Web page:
At the Ohio State University Medical Center, pharmacists, respiratory therapists, and pulmonologists endorse what they call off-label nebulization. Off-label nebulization is a rapidly growing area of patient care and in time new research and practical experience will bring us much more information on how magnesium and other agents like sodium bicarbonate, iodine, peroxide and glutathione can be administered directly into the lungs for many difficult-to-treat conditions. Even DMSO has been used in veterinarian medicine and naturopaths have used Tea Tree Oil from Australia, which is used topically as fungicide antiseptic and germicide. Eucalyptus oil has also been used forever because it is a known bronchial-dilator.
Nebulization and Transdermal Medicinal Baths are Prime
Therapeutic Options for Medication Administration for Children
Magnesium chloride oil should be nebulized as an isotonic solution – delivering 7.5g magnesium chloride per 100 ml of distilled water – closely equal to 3.5 tsp of magnesium oil per 100 ml. Nebulization of magnesium is an alternative method of treatment for patients with pulmonary problems or infections, or for those undergoing bronchoscopy. Magnesium nebulized directly into the lungs offers all the same positive therapeutic effects that other types of administration methods do but concentrates the effects in the lung and bronchial tissues. Nebulized inhaled magnesium sulfate in addition to 2-agonist in the treatment of an acute asthma exacerbation, appears to have benefits with respect to improved pulmonary function in patients with severe asthma. Heterogeneity between trials included in this review precludes a more definitive conclusion.
Nebulized magnesium is well tolerated without any adverse effects. Currently, the most widely accepted treatments for asthma include 2-adrenergic agonists and corticosteroids. The search for treatment alternatives for bronchoconstriction in acute asthma has led to the use of nebulized magnesium. Magnesium has been associated with cellular homeostasis and frequently acts as a cofactor in enzymatic reactions. It has also been suggested that magnesium acts as a smooth muscle relaxant by interfering with calcium uptake. Research also suggests that magnesium may have a counteracting effect against bronchoconstricting agents such as sodium metabisulfite, methacholine, and histamine.
Research into nebulized magnesium focuses on treating asthma and the potential to counteract bronchoconstricting agents. A randomized, double-blind, controlled clinical study compared nebulized magnesium sulfate with nebulized albuterol in 33 patients with asthma (ages 12-60 years). The study concluded that the serial doses of nebulized magnesium sulfate had bronchodilatory effects similar to those noted with nebulized albuterol. Nannini et al. examined magnesium sulfate as a vehicle for nebulized albuterol in treating acute asthma. The authors concluded that when nebulized magnesium and albuterol were used together, a higher peak flow could be achieved in comparison to albuterol plus 0.9% sodium chloride.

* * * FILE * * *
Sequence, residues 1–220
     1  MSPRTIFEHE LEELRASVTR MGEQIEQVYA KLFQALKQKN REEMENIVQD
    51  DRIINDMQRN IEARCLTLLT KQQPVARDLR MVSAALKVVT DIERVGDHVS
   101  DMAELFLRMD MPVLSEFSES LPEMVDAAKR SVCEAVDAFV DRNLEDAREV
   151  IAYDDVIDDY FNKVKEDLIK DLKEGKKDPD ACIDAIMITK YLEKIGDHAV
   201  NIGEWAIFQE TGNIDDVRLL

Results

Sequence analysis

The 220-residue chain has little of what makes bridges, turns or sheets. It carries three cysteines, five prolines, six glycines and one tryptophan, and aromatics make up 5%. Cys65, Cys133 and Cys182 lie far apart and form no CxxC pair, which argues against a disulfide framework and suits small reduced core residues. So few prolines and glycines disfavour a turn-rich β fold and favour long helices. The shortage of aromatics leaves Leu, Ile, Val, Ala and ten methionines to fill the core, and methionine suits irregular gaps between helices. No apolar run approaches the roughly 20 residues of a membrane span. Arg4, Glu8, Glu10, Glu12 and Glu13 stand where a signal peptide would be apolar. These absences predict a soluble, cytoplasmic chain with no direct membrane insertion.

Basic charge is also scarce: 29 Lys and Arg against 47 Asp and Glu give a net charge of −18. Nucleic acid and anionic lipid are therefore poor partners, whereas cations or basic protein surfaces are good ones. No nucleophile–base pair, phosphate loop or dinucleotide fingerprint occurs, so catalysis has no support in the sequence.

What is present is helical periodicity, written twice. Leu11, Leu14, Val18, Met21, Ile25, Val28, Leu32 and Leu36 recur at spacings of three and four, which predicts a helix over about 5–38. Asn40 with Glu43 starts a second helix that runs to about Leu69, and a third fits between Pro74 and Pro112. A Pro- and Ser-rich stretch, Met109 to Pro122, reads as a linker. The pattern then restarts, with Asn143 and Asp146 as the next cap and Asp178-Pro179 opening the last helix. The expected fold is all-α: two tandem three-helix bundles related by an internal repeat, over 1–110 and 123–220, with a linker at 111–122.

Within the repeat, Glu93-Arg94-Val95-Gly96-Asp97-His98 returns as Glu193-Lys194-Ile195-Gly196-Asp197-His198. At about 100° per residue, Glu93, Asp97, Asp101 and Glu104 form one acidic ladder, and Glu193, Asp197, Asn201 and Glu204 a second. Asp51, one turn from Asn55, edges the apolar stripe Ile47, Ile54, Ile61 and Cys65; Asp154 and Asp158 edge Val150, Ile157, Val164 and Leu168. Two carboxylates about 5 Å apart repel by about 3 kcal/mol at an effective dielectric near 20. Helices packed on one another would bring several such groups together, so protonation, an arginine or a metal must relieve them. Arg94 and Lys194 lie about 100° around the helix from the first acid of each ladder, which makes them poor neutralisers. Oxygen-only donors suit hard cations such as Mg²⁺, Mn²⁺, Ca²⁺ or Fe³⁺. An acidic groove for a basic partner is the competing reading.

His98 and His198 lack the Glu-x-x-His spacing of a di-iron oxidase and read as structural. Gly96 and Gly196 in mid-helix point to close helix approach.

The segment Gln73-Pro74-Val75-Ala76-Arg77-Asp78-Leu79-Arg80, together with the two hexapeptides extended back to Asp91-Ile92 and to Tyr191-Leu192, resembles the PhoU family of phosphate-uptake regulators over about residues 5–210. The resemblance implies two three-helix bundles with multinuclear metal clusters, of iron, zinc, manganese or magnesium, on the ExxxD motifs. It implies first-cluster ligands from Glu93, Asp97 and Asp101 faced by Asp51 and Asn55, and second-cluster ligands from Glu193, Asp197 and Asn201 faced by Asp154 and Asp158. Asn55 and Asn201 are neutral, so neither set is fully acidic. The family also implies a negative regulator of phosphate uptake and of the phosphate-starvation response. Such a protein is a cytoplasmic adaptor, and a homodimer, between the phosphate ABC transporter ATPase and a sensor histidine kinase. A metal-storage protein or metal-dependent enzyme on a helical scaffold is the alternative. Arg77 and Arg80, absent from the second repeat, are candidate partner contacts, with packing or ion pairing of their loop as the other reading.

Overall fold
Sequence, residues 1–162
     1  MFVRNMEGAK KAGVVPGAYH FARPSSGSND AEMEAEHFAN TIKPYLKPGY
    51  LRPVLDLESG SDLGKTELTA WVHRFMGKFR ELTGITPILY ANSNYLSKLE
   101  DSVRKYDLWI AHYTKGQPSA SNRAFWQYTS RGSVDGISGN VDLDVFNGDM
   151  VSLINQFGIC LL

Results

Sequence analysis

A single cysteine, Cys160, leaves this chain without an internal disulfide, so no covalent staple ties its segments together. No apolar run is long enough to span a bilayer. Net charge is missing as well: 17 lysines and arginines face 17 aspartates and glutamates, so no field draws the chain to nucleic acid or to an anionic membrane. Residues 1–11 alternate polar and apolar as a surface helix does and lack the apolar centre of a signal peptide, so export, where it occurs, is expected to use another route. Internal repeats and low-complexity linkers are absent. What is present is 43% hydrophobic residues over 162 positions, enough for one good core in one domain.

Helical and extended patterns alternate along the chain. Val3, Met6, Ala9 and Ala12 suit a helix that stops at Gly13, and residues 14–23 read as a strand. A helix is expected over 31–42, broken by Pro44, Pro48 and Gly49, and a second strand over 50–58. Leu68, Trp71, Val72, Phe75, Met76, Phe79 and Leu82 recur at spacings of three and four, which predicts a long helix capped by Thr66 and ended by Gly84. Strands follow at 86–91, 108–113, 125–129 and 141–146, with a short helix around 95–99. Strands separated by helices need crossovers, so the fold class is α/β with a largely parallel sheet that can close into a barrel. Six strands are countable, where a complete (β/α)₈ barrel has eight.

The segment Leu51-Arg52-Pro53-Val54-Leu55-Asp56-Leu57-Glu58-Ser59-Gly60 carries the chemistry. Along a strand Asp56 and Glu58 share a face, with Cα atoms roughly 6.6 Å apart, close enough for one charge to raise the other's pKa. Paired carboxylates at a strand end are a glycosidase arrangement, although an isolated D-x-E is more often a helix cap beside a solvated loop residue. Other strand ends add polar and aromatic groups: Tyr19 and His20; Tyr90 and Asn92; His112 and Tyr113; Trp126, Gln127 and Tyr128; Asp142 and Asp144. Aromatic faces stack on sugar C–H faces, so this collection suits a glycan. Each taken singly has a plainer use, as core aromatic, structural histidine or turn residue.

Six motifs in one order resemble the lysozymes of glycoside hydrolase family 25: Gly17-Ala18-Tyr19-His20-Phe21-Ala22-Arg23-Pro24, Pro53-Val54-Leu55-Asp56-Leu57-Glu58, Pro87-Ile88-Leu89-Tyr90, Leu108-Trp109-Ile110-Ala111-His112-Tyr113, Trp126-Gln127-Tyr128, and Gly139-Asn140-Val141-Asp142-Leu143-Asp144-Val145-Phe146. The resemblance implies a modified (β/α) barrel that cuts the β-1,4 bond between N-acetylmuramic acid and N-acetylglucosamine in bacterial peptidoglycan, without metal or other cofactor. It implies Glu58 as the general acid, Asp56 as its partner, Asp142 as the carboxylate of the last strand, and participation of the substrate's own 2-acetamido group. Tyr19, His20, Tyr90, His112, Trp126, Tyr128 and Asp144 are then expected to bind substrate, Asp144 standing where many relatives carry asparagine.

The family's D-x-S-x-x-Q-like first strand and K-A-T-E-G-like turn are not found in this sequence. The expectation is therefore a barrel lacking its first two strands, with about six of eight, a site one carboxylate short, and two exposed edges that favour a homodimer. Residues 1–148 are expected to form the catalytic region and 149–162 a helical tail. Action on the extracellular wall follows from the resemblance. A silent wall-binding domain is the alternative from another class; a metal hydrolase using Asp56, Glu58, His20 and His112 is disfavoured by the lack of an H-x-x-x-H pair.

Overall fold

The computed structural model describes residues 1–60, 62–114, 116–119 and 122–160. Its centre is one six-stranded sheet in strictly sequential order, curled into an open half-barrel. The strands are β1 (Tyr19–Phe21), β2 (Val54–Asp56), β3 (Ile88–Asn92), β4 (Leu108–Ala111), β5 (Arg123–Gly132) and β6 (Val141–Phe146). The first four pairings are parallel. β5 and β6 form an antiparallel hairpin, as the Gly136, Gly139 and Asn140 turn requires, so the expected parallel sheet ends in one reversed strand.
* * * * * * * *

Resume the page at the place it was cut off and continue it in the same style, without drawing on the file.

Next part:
The improvements could be seen within 10 minutes and lasted at least 20 minutes, and patients suffering from the most severe airway obstruction had a greater response to the combined treatment. Another study investigated the interactions between magnesium sulfate and sodium metabisulfite, a common preservative in food and drugs. The investigators concluded that magnesium helped to minimize the bronchoconstriction effects from sodium metabisulfite. These studies strongly suggest that nebulized magnesium would be effective for safe treatment of acute exacerbations of asthma, either as a sole agent or in combination with other medications. For this application I recommend only the purest magnesium chloride.
The bronchial secretions during attack of bronchial asthma are acidic and the acidity imparts stickiness to the secretions and moreover there is high level of neuraminic acid, which possibly correlates with the stickiness. Thus sodium bicarbonate is an excellent choice for nebulization offering it’s powerful and instant pH changing effects. Dr. Tullio Simoncini recommends aerosol use of bicarbonate for lung and bronchial adenocarcinoma. He recommends putting 1 table spoon sodium bicarbonate in half liter water and inhaling it with a fast inhaler in half an hour. Six days on six days off when in IV break phases.
Dr. Lewis Nelson, a specialist in emergency medicine says, “Nebulized sodium bicarbonate has been shown to provide symptomatic relief in patients exposed to chlorine, and it is probably useful with all irritant gases that liberate acid. Through a neutralization reaction, the damaging effects of the acids are limited. Nebulized sodium bicarbonate should be used in concentrations of less than 2% (which generally means about a 4:1 dilution of standard 8% sodium bicarbonate).”